Ambahan about sickness and death

Baybayin script calligraphy: logographing “dalisayan” (fining-pot; ᜇᜎᜒᜐᜌ) (© 2017 Henry Del Rosario)

Ambahan about sickness and death

In ancient, pre-Spanish Philippines, reading and writing were ubiquitious rather than for the elite or religious class. Writing was not for government texts or religious scripture but for personal letters and love poems. (more about Baybayin script here)

An ambahan is an indigineous Filipino poetic form of heptasyllable lines. Themes of this poetic form covered all stages of life, included sickness and death. This poem about death touched me as exquisite (Ambahan number 246 from Postma’s “Treasure of a Minority”):

Hanunoo-Mangyan: Tagalog: English
(Postma’s translation):
Magkunkuno ti karadwa
Kang kis-ab mag-iginan
Ginan kang tipit lingban
Apwan mambon mambu-nan
Babaw apnig bariwan
Ud paway sa gihitan
Halaw nangitlagan wan
Kasanggaling sa siknan
Kahabog sa ulangan
Taghilyan di kumon wan
Kang apwan sa humagan
Manrikuyan manrigsan
Sa danom magka-uman
Bag-o paligbuyungan
Kan bansay nag-abyagan
Kan suyong nalan-ganan
Taghoy ng kaluluwa:
Kanina nang lumisan
Sa dampa kong tahanan
Katawan ko’y naghihirap
Sa banig na higaan
Di pa lumilisan
Balisang nagpaalam
Pa-biling-biling naman
Pakaliwa’t pakanan
Sige na nga kung ganyan
Ako na ay lilisan
Liligo sa hugasan
Sa tubig dalisayan
Sa bago kong hantungan
Sa tabihan ni Amang
Kapiling na si Inang!
Says the soul remembering:
Just a while ago at home,
in the house I used to stay,
My body was really bad,
lying sickly on the mat,
though not ready yet to go.
Scared to death I really was!
I was going to the right
and to left, back and forth!
So confused I was that time!
Now, my body laid at rest,
finally I took a bath
in the waters for the soul.
I am starting on my way
to the place my father went,
& where mother joined him, too.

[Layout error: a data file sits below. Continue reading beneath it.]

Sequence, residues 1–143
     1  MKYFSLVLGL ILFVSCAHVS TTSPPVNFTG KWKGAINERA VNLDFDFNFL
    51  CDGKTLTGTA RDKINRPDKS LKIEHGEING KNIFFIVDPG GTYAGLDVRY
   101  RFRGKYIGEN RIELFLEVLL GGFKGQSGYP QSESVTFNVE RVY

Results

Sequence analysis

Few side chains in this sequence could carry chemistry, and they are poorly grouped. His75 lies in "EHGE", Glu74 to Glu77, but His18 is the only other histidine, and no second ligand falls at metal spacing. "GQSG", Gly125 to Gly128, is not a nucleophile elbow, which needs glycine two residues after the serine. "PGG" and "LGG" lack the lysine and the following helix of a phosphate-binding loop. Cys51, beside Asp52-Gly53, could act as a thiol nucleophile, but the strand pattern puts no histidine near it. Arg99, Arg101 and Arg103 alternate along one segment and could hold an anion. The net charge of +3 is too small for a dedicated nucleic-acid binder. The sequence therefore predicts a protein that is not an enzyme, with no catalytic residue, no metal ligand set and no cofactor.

Many ambahans begin with a “who is speaking” (magkunkuno) line. In this case it is the soul of one who recently died. The soul remembers his or her body becoming sick. It is unclear what the cause was however the moving of the body to the right and left, and back back and forth suggest convulsions from seizures or fever from an infection (or both). Confusion may also suggest delirium (which is very commonly seen in the sickest of patients in the hospital and ICU) as well as the emotional and spiritual distress that comes with dying.

The poem then takes a turn (like kireji or volta) when the soul describes the body being buried. Postma translates the body “being laid at rest” and then taking a “bath in the waters for the soul.” I believe Postma, who married and lived among the Hanunoo (tribe in the Philippines), must have had further insight into the meaning of these lines. The Tagalog translation also took interesting choices in translation of the Hanunoo-Mangyan language.

  • “lilisan”
    • According to multiple dictionaries: Lilis: (n) ruffle, fold, rolled sleeve; Lilisan: (v) to depart, to leave; Maglilis: (v) to tuck.
  • “tubig dalisayan”
    • Tubig unambiguously means water.
    • According to multiple dictionaries: Dalisayan: (n) fining-pot; Dalisay: (adj) genuine, pure, clean, refined; Dalisayin: (v) to cleanse, to refine; Kadalisayan: (n) genuineness, purity, refinement.